What this pattern does:

Gradual and measured introduction of a new version of an application is commonly called a Canary deployment. With a canary deployment, you deploy a new version of your application to the production environment; however, it initially receives no user requests. The previous version continues to handle 100% of the requests.

Traffic is gradually distributed to the new version of the service while monitoring it for errors or anomalies. Incremental increases to the new service’s traffic continue until the new service handles 100% of all traffic, and you remove the previous service version. If you detect unsatisfactory levels of errors at any point, traffic is reverted to the old version. Because the service meshes routing later handles traffic direction, it is incredibly quick to change the traffic flow. Also, there is a dramatic reduction to risk as you hopefully catch any errors before exposure to the problem affects all users.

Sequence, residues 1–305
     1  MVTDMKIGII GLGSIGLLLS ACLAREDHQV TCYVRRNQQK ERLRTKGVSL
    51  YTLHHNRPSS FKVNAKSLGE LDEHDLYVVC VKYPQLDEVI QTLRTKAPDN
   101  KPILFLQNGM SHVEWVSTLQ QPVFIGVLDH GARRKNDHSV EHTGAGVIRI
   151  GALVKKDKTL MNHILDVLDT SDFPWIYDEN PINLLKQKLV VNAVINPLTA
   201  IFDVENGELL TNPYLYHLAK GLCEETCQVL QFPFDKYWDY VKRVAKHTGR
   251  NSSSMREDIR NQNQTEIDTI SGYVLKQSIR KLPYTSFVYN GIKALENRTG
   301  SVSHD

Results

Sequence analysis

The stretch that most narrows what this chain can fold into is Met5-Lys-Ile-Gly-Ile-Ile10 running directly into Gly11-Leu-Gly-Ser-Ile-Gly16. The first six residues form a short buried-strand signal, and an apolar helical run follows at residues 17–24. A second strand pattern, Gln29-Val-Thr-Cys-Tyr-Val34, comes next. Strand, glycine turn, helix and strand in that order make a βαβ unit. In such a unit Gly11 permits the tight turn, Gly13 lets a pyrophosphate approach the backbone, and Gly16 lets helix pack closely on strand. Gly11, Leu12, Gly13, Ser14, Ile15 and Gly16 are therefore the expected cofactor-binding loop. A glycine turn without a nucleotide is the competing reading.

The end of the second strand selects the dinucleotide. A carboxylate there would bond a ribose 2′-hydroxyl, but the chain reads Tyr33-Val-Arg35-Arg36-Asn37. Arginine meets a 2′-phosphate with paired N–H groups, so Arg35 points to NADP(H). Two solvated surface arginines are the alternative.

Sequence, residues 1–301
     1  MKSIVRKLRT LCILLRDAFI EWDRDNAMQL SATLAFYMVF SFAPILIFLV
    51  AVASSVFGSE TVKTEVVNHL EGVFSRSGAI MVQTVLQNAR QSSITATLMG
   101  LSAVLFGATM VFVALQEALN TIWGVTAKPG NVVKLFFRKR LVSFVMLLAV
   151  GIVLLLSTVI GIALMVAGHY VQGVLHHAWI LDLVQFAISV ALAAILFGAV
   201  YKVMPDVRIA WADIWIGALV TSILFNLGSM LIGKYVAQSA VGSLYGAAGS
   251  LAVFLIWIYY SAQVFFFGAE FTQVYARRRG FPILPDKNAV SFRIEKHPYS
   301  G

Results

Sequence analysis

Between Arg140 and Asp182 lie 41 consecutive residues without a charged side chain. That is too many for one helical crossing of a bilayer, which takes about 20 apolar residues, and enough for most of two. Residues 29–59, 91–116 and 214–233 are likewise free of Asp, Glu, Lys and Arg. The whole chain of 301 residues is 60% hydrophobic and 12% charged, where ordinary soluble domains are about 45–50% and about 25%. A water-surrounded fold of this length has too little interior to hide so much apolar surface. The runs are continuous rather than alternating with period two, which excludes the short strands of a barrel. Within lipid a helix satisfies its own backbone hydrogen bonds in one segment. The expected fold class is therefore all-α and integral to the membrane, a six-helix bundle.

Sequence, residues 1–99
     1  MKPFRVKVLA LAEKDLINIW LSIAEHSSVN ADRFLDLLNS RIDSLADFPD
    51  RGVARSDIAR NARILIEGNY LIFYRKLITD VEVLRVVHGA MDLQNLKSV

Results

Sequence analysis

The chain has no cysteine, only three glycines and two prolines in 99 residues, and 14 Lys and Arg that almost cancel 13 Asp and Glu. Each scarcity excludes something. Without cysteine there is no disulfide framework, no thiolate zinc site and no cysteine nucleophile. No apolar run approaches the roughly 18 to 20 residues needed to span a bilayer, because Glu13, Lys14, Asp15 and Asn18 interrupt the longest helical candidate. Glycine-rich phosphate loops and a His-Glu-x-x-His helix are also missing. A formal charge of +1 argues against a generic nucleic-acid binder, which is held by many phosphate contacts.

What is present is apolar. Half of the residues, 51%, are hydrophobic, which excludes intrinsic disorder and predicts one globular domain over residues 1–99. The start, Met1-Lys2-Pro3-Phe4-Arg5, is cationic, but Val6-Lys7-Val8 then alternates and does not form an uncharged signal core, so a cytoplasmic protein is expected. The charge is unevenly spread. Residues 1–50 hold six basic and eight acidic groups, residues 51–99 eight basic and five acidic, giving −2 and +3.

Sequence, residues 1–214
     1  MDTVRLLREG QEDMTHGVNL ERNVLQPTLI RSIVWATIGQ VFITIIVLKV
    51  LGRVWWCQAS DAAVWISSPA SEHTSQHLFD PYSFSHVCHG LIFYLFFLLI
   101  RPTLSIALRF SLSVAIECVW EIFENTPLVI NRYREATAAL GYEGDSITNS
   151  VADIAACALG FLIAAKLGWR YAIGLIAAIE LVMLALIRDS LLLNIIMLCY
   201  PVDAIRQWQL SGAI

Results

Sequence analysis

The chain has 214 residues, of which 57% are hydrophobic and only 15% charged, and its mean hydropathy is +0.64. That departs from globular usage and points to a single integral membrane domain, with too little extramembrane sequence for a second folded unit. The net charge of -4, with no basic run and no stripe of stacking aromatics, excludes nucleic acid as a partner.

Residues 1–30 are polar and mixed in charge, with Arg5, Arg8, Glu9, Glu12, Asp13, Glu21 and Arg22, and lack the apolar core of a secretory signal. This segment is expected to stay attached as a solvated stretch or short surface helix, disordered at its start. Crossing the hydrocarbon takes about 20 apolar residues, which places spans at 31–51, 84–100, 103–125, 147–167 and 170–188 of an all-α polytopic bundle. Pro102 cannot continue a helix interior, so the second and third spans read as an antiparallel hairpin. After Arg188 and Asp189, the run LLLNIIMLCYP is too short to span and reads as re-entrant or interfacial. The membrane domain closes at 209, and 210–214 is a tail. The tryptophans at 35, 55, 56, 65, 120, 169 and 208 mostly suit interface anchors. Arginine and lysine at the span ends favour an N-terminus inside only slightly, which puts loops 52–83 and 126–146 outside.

Caveats and Consideration:

Parallel Change

When introducing a new version of an application into production, you are often required to:

- Change or modify the application’s behavior.
- Change the interface.
- Change a model in an external data store.


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